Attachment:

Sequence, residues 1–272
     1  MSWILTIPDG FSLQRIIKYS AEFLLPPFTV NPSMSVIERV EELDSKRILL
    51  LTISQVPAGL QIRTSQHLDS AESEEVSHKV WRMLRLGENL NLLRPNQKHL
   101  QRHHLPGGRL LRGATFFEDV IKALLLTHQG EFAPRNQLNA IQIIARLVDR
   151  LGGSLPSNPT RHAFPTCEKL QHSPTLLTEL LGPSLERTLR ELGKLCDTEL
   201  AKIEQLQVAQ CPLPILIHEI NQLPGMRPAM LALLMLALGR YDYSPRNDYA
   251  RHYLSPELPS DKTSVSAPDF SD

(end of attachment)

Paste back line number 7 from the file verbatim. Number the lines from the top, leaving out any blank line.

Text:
   251  RHYLSPELPS DKTSVSAPDF SD